Panetta says US must be 'very firm' with N. Korea as it issues more threats
Former Defense Secretary Leon Panetta has warned that the United States should be “very concerned” by the level of “provocation and bellicosity” emanating from North Korea, as the rogue communist state announced it was going to restart all its nuclear facilities.
Panetta told CNBC in an interview that the U.S., Japan and South Korea had to be “very firm in sending them a message that we are going to do everything necessary to defend our security and defend our troops.” He said there was a danger of a "miscalculation" that escalated.
The North continued to make threats Tuesday, and said it would rebuild and restart nuclear facilities, including a reactor that can make one bomb's worth of plutonium a year.
Panetta said the amount of hostility emanating from Pyongyang was alarming.
“I think we've got to be very concerned about ... the level of provocation that North Korea is engaged in. They are in the process of testing ICBMs [Intercontinental Ballistic Missiles]. They've also been testing nuclear weapons,” he said.
“The kind of provocation and bellicosity they're showing now with their rhetoric raises a lot of concern,” he added. “It just means the United States and our allies Japan and South Korea have to be very firm in sending them a message that we are going to do everything necessary to defend our security and defend our troops.”
United Nations Secretary-General Ban Ki-moon took time out of an official visit to Andorra on Tuesday to say that the North Korean crisis had "already gone too far" and that he was "deeply troubled" by it.
"Nuclear threats are not a game," Ban said, adding that "things must begin to calm down" or they "could lead down a path that nobody should want to follow."
He closed his remarks by offering to facilitate peace talks, but how the North would react was not immediately clear. Ban was South Korea's foreign affairs minister before election to his UN post.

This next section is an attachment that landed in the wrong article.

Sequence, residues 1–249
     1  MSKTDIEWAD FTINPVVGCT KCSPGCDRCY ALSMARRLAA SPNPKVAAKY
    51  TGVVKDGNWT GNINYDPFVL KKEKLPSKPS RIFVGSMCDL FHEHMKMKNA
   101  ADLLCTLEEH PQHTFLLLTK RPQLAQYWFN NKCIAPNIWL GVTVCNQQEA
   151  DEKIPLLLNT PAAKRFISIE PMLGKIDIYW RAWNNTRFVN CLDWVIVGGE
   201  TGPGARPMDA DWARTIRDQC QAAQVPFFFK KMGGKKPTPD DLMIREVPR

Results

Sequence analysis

'Be very prepared'
Panetta noted that over the last 50 or 60 years the North had gone through cycles of “provocation” and “accommodation.”
“A lot of this is aimed more probably on the internal situation in North Korea, aimed at improving the new leader's credibility, his credentials as a leader,” he said.
“But at the same time since they have capabilities and [are] developing those capabilities, I don't think we can take anything for granted. The U.S., South Korea and our other partners in that region have to be very prepared in the event that something could happen here. I think the greater likelihood is miscalculation and if they do something that escalates quickly that's the greater danger,” he added.
A spokesman for the North's General Department of Atomic Energy said restarting its nuclear facilities was part of efforts to resolve the country's acute electricity shortage, but also for "bolstering up the nuclear armed force both in quality and quantity," the official Korean Central News Agency said, according to Reuters.
Pyongyang conducted its third nuclear test in February, prompting a new round of U.N. sanctions that have infuriated its leaders and led to a torrent of threatening rhetoric. The United States has sent nuclear-capable bombers and stealth jets to participate in annual South Korean-U.S. military drills that the allies call routine but that Pyongyang claims are invasion preparations.
KCNA kept up the rhetoric on its English-language site Tuesday, with an article headlined “Intensified Anti-U.S. Action Called For.”
It quoted the “North Side Committee for Implementing the June 15 Joint Declaration” as saying in a statement that the joint U.S. and South Korean military exercise “clearly proves that the U.S. imperialists' scenario to launch a nuclear war on the Korean Peninsula at any cost has reached an extremely reckless phase of its implementation.”
“As already clarified by the DPRK [North Korea], gone are the days when it could have verbal exchange with them,” the statement said.
“To wage a merciless, just, retaliatory war is the only way of rooting out the source of the danger of a nuclear war on this land and build a peaceful and prosperous reunified thriving nation where all Koreans live together,” it added.
Reuters and NBC News' Andrea Mitchell and John Newland contributed to this report.